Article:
Monday & Wednesday through Saturday: 10 am to 9 pm
Sunday: 10 am to 2:30 pm
January 1st & 6th | May 1st & 16th | November 9th | December 24th, 25th, and 31st
Reina Sofía Venues on the Retiro Park (Velázquez Palace & Palacio de Cristal)
Monday to Sunday: 10 am to 7 pm
January 1st & 6th | May 1st & 16th | November 9th | December 24th, 25th & 31st
Tickets To Visit The Reina Sofía Museum
The Reina Sofía has online booking and a ticket office at the main venue entrance. The ticket office closes 30 minutes before the closing time.
Pro tip: Online booking is also available for free-entry tickets. Take the opportunity and avoid long waiting lines at the entrance.
Main Venue Admission Fee:
- Adults (18+) €12
- Free-entry categories: Minors under 18 | Seniors 65+ | Students under 25 with ISIC cards | Students 25+ in arts degrees or postgraduate degree | Teachers with ITIC cards | Visitors with 33%+ disability | Journalists | Official tour guides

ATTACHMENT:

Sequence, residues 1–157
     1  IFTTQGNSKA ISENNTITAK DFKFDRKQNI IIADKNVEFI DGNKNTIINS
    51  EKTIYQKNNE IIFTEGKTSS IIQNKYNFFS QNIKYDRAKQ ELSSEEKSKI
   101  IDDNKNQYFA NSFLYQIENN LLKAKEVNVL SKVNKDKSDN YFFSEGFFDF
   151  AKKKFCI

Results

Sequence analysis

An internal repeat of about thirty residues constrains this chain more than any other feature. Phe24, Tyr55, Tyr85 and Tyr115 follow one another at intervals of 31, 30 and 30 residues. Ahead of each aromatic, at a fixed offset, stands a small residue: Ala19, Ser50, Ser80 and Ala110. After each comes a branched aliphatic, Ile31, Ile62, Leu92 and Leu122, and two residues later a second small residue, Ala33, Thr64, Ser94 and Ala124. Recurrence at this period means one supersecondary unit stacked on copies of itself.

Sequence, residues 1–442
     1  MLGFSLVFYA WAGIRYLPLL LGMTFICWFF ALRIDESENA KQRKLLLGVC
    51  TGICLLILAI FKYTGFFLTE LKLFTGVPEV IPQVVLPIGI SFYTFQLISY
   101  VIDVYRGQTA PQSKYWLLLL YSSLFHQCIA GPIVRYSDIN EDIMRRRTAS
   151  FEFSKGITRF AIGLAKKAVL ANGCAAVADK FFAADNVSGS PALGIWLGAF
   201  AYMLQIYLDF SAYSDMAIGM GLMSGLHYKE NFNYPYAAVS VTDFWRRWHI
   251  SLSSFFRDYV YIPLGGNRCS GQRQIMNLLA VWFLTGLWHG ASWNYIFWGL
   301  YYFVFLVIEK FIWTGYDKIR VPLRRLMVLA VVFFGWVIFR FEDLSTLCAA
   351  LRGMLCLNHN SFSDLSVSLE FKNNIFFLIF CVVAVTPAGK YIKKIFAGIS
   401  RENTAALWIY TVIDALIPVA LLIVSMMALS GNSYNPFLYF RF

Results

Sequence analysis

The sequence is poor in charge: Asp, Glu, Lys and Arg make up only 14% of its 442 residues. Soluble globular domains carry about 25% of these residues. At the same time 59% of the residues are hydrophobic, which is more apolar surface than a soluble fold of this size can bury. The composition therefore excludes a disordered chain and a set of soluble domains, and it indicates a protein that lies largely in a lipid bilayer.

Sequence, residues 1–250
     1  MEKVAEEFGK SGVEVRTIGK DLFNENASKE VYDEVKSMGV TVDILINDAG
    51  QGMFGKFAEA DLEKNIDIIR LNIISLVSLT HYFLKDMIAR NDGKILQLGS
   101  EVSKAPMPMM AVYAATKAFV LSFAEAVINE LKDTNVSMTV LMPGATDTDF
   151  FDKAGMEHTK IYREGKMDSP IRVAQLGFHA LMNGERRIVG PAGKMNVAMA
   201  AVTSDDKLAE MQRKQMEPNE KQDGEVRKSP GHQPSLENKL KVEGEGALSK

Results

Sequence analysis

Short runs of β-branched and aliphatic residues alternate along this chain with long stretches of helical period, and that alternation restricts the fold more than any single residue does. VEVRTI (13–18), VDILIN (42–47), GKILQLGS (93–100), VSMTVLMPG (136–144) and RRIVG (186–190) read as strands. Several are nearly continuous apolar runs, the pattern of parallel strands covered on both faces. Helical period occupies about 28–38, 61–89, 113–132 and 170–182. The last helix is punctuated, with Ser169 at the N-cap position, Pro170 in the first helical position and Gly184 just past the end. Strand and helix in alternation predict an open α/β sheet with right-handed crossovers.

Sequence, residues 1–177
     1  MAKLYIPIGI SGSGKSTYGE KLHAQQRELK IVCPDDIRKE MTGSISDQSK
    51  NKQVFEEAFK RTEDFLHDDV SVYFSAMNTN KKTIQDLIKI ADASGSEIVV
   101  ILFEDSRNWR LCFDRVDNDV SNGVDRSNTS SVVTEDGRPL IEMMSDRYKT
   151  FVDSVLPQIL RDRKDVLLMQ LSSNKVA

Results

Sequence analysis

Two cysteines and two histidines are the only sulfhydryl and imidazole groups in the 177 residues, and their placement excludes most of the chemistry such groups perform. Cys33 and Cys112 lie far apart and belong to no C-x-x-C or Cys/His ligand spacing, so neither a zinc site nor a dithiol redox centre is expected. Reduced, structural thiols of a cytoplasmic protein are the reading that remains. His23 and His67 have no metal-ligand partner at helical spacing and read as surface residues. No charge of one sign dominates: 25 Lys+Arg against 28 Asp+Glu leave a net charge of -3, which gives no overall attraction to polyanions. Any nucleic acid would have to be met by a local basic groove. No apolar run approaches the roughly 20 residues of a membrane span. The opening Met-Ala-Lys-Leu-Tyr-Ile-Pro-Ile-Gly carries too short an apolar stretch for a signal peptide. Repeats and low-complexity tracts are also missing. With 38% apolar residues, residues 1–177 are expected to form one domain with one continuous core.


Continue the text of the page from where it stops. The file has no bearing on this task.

- Monday and Wednesday to Saturday: 7 pm to 9 pm
- Sunday: 12:30 pm to 2:30 pm
- April 18th, May 18th, and October 12th
Venues in Retiro Park:
- Free access
Other options: If you plan to visit more museums in Madrid, buy the Abono Paseo Del Arte ticket. It is a combined ticket to access the Reina Sofía, Prado, and Thyssen-Bornemisza museums.
Address main venue: Calle de Santa Isabel, 52, Madrid
How To Get To The Reina Sofía Museum